5 Tips To Dive Into Email Metrics

E-Newsletters are the marketing tool most likely to engage customers, according to a recent Econsultancy Customer Engagement Report. In fact, the study shows that when trying to communicate with prospects, organizations are using e-newsletters most (72%) vs. social networks (48%) and blogs (46%).

However, many marketers still find it challenging to evaluate the effectiveness of their email campaigns. To measure the success of e-newsletters, they must examine available metrics to find out what is most interesting to current and prospective customers and what is causing them to click through and take action.

But how can marketers act on those metrics -- especially when the basics are often misunderstood?

Acting on the Metrics


You hear it all the time: "What's a good [insert metric] rate"? There is no shortage of industry reports tracking peer performance. Don't watch these too closely. Benchmark against your own performance. Set an initial baseline for each metric and track similar campaigns over time.



*Open Rates

Many marketers and their employers place a lot of emphasis on this metric. Unfortunately, open rate is widely misunderstood and potentially inaccurate. Open rate does not tell you the number of people who actively open or read an email. The metric indicates the number of times a tracking image in an HTML email has rendered.

Therefore, several factors can make open rates inconsistent and deceptive: Images are turned off by default (under-reporting); preview panes automatically indicate opens (over-reporting), and mobile phones can default to text (under-reporting). So how can you act on open rates?

If you achieve approximately a 25% open rate month after month -- but this suddenly plummets to 5% -- you may have been newly flagged for spam. Contact your provider and the ISPs. Open rates can also be useful in the short term: they provide immediately actionable data while split testing.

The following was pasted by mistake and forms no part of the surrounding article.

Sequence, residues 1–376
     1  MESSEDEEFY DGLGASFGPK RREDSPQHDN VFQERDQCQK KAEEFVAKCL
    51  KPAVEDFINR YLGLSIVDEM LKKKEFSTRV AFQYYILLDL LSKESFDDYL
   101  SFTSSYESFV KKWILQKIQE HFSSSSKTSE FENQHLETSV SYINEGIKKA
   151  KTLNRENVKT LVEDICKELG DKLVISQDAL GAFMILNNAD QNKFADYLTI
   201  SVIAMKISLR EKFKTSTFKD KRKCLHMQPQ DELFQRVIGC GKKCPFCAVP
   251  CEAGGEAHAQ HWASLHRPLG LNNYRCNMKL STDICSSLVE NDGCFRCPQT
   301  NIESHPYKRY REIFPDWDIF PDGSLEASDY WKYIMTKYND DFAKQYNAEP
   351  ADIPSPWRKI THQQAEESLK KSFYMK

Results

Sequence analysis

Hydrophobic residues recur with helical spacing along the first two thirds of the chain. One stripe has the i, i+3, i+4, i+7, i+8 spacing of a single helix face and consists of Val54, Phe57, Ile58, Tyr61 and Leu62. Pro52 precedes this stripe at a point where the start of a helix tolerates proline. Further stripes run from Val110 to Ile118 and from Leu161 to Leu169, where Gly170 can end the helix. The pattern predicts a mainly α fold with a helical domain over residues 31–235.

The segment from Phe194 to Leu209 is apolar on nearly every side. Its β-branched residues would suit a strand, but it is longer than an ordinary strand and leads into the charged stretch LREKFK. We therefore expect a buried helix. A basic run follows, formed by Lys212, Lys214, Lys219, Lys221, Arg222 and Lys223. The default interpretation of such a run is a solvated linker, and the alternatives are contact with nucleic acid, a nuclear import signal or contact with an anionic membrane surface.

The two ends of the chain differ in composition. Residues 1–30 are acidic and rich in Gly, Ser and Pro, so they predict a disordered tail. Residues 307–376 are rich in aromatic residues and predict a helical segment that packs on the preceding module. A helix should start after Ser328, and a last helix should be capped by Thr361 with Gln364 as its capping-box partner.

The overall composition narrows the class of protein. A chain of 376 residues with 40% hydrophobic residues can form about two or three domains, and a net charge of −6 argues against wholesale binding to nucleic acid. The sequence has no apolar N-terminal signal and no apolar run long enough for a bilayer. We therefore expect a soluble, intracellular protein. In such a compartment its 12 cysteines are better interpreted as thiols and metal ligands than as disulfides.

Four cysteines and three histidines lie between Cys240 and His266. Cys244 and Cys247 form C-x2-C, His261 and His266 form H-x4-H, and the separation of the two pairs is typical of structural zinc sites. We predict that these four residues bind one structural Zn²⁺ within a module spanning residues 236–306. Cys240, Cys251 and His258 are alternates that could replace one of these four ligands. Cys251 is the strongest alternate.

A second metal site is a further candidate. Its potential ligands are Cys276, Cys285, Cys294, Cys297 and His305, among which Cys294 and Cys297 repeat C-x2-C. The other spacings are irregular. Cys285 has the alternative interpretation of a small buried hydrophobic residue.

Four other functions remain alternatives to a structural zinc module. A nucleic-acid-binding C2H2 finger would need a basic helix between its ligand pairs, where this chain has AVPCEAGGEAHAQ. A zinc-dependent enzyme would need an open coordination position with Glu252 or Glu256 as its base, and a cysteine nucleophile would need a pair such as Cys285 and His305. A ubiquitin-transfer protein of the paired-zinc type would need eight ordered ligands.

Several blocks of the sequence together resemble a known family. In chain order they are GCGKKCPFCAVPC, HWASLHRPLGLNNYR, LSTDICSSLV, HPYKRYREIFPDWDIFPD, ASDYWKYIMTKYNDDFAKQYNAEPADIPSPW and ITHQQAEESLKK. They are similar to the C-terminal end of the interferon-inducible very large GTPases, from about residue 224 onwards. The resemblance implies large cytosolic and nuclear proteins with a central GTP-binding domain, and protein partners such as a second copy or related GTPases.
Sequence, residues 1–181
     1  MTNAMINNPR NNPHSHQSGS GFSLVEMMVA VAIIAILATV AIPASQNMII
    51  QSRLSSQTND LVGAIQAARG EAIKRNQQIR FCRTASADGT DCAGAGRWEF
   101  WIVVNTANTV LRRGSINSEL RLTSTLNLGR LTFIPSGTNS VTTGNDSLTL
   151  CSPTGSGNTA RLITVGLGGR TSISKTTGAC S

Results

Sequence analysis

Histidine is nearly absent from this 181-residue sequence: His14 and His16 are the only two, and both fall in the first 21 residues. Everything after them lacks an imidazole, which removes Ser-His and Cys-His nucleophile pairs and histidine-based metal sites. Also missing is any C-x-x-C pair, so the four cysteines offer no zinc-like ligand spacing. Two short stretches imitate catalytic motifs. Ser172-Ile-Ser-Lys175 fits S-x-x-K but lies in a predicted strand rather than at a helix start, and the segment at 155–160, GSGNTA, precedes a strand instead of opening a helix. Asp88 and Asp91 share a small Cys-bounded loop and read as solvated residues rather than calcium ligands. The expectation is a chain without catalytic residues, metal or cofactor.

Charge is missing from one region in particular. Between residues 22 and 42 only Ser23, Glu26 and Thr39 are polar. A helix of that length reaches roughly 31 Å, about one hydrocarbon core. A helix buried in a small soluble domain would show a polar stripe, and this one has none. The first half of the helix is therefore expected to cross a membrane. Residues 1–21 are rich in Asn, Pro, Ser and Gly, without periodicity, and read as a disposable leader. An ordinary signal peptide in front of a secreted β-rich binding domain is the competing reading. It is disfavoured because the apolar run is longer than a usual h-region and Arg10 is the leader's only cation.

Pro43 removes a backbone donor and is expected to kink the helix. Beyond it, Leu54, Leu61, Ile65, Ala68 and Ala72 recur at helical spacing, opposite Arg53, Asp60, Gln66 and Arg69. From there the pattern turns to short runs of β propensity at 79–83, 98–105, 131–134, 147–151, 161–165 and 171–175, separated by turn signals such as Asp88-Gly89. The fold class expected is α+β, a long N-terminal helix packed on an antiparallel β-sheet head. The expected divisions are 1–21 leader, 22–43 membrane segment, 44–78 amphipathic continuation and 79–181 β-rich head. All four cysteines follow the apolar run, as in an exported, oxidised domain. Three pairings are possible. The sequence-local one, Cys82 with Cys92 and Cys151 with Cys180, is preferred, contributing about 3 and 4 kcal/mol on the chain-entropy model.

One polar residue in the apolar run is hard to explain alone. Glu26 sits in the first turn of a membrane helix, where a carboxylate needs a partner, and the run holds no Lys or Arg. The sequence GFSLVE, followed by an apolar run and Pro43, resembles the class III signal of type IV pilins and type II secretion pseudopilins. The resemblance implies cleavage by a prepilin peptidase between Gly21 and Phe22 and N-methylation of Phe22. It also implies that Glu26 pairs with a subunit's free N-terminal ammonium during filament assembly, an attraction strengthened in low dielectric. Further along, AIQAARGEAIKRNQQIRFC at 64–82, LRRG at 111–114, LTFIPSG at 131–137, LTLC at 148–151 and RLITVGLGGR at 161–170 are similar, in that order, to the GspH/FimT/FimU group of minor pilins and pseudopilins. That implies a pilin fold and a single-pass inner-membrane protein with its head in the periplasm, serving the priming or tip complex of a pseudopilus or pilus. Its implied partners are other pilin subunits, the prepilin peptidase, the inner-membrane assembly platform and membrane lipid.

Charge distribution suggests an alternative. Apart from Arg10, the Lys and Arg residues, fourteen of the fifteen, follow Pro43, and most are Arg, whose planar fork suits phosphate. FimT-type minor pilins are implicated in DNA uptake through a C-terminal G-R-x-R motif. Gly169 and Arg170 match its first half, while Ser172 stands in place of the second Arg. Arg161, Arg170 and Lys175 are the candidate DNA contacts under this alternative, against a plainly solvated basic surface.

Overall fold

When a click is tracked, a person has interacted with a particular link. Click-through rate is the ratio of unique clicks to emails delivered or to tracked opens. But consider how problematic tracking opens can be. Watch CTR over time and look at your reports to see which links, in particular, are being clicked.

This tells you which content is engaging your readers and driving response. Make sure you don't rely on image links alone; include text links as well, which will still render in HTML if images are turned off. Want click-throughs? Include valuable information for your readers and write compelling calls to action.

*Response or Conversion Rate

You need to have goals. Keep your goals and those of your readers in mind as you develop calls to action. Response rates show the percentage of subscribers who are taking your desired action after receiving your e-newsletter content. This might include users requesting more information, printing a coupon, or downloading a white paper.

To boost your response rate, make your call to action obvious and pair it with a highly relevant landing page if you are driving clicks over calls. If you are looking for a particular response, don't throw in lots of extraneous links. Remove clutter and make it easy for readers to connect with you.

*Opt-Outs or Unsubscribes

Admit it -- after checking your response rate, opt-out rates are usually the first metric you examine. It is often hard to determine why a subscriber has decided to cut off communication. Consider an opt-in mechanism that allows your subscribers to proactively indicate how often they wish to receive messages from you and lets them select the type of communication they wish to receive.

If your opt-out rate is high, look at your target audience and the information you are sending to them. Remember, your content must be useful and serve both your goals and those of your subscribers.

1 comment about "5 Tips To Dive Into Email Metrics".
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  1. Eytan Abrahams from Penton Media, Inc., July 22, 2011 at 10:50 a.m.

    Having a short survey after someone opt-outs can also give you valuable insight into the persons reasons for disengaging with your brand/newsletter.

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